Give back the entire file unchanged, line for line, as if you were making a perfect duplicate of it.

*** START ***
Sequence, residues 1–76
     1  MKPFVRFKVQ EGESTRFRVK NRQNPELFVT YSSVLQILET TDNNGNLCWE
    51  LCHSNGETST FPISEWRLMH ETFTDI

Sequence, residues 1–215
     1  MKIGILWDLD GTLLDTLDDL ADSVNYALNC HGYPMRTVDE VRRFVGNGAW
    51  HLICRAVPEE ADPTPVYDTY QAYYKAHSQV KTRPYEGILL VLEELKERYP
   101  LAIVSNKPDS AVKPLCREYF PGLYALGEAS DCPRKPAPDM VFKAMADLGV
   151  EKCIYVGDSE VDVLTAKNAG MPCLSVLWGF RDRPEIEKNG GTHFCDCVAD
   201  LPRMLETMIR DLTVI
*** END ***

Sequence, residues 1–76
     1  MKPFVRFKVQ EGESTRFRVK NRQNPELFVT YSSVLQILET TDNNGNLCWE
    51  LCHSNGETST FPISEWRLMH ETFTDI

Sequence, residues 1–215
     1  MKIGILWDLD GTLLDTLDDL ADSVNYALNC HGYPMRTVDE VRRFVGNGAW
    51  HLICRAVPEE ADPTPVYDTY QAYYKAHSQV KTRPYEGILL VLEELKERYP
   101  LAIVSNKPDS AVKPLCREYF PGLYALGEAS DCPRKPAPDM VFKAMADLGV
   151  EKCIYVGDSE VDVLTAKNAG MPCLSVLWGF RDRPEIEKNG GTHFCDCVAD
   201  LPRMLETMIR DLTVI